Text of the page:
Before we finished our conversation, I also set up an introduction with him and my Uncle Mark as a potential fire pit supplier. Mark owns a precast concrete manufacturing facility in North Carolina and they make fire pits with their excess concrete. He’s a concrete guy, not a business guy, so he had been looking for help to sell his pits. Win-Win.

Now that I had my initial success with a retailer, it was time to build out a wholesale program so I could target retailers and hardware shops nationally with my offer. I also needed to get legal protection in place and make everything look super professional. As I started delving into this project, I realized I needed to be collecting a singed reseller certificate from each person which exempts me from charging them sales tax because it would be charged on the back end to the final customer. I had to go back to Wooden Sun to get them to send me a certificate so big brother wouldn’t get me.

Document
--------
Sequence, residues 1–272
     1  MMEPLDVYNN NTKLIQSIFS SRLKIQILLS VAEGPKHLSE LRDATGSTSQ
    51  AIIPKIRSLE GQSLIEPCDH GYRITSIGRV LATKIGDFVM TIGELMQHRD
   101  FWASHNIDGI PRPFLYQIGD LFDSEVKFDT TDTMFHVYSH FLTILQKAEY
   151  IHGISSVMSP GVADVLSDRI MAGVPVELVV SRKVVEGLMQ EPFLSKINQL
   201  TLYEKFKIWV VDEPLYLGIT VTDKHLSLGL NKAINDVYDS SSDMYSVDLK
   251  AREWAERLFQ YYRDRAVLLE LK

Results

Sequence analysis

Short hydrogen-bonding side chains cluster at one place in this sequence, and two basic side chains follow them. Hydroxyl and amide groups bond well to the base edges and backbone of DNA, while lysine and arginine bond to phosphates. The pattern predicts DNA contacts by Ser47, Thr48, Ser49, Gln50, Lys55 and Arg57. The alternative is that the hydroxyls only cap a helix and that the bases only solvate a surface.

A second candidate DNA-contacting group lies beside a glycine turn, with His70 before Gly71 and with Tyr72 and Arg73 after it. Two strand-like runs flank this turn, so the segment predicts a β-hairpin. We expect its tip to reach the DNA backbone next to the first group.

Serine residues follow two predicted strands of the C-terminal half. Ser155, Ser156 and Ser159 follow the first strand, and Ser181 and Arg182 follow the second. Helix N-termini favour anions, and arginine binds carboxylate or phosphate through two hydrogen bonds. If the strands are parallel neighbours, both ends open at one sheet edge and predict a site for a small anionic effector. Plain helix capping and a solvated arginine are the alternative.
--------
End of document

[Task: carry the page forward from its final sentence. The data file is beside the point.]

My next step was to build a legal contract to cover my ass and establish the terms for my agreements. This was a lot easier than I thought it was going to be. I just pulled about 5 different wholesale agreements from the internet and then pieced together paragraphs from each. Customized it to my needs and then formatted everything so it looked professional and was branded as Cave Tools. The biggest clause for me was designing the agreement so people couldn’t back door me with internet sales by purchasing at wholesale rates and then under cutting my price online. With my agreement, they are only allowed to sell via brick and mortar unless written permission is given to them and they can only run discounts as low as 15% under the minimum advertised price.